Social Security’s 2023 Increase: Do Americans Actually Think It’s Enough?

Lake Elsinore, CA, USA - January 30, 2022: Fake Social security card on prop US currency - Concept of Social Security Benefits.
Richard Stephen / Getty Images/iStockphoto

As much as everyone would like to see inflation calm in 2023, it’s not going away completely. The cost of living continues to be a problem across the country, forcing Americans to tighten budgets and cut costs. Those living with a fixed income have a little relief coming their way in 2023 with the Social Security Administration announcing an 8.7% increase in benefits. This is the largest increase in benefits since 1981 when an 11.2% increase created the record.

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Introduced in 1975, the Cost of Living Adjustment, or COLA, allows for Social Security benefits to be adjusted based on fluctuations in inflation, as determined by the Consumer Price Index for Urban Wage Earners and Clerical Workers. The Social Security Administration compares the average CPI-W in the three months of the third quarter of the current year to the same timeframe in the year prior. In September of 2022, the CPI-W was at 8.2%.

While some Americans are happy about the increase, others are not as pleased. A recent GOBankingRates survey asked 1,028 Americans ages 18 and older how they felt about the COLA increase, and here’s what we found.

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The Majority Are Undecided

One-third of Americans are undecided when it comes to the COLA increase. That makes sense considering how many people don’t receive Social Security benefits. Those who are directly affected or soon to be affected by it are more invested in any and all changes to Social Security. As a matter of fact, those ages 65 and older had the highest percentage of people (38%) that feel the COLA hike is not nearly enough and should’ve been much larger. And those ages 18 to 24 had the highest percentage of people who said they were undecided at 43%.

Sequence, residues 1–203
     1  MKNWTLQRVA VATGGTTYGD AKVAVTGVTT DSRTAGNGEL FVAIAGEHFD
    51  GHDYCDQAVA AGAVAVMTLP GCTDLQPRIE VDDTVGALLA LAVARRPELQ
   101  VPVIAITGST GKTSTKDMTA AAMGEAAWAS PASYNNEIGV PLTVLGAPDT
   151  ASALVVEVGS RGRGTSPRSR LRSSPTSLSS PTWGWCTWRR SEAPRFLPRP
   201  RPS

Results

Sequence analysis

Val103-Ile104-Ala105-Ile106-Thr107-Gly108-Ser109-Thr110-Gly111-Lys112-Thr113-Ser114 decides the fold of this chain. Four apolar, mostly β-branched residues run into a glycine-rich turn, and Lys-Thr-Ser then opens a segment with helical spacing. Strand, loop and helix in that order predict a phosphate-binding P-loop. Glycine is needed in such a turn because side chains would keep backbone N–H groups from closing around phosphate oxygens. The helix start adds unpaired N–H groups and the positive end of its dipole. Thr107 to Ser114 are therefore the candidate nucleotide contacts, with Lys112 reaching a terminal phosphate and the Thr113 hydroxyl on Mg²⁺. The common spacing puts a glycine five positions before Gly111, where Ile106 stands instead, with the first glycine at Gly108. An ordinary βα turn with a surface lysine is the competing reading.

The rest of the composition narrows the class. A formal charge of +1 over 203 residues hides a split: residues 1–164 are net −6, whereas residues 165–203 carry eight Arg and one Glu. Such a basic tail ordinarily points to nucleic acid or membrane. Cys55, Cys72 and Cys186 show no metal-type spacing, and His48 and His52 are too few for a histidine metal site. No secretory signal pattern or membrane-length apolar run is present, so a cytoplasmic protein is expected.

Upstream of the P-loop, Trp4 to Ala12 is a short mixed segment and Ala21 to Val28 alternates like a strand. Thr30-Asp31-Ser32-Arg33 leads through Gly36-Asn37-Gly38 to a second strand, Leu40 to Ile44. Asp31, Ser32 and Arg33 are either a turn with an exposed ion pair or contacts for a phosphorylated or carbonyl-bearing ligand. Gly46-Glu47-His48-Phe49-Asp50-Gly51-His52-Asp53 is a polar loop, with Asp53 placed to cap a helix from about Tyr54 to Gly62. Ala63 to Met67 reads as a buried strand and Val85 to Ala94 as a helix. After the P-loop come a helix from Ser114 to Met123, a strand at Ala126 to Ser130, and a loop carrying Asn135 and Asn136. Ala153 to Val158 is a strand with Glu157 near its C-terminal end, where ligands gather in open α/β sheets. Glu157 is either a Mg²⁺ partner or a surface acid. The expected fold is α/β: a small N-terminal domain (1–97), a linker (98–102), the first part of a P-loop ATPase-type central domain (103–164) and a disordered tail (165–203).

Across all generations, 21% of people said they feel like the increase is fair and will provide a necessary financial boost to Social Security recipients. Another 21% think it’s nice but should’ve been a little higher. Seventeen percent think the increase isn’t nearly enough and should be much higher. And the final 11% feel that the hike is too much. As you can see from these results, there isn’t much consensus in opinions on the COLA increase.

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What It Means

The COLA increase doesn’t mean that every beneficiary will receive an 8.7% bonus to their Social Security checks. The amount is specific to each person and can be higher or lower than 8.7% depending on factors such as signing up for Medicare prior to 2023.

The increase does show just how much costs have increased this year because of inflation, and those high costs can vary wildly depending on where you live. The increase will help those seniors hit hard by inflation, but it won’t stop costs from continuing to rise over the next year. Social Security is great and provides benefits to those who need it most, but it’s always a good idea to have your own retirement savings to rely on as well.

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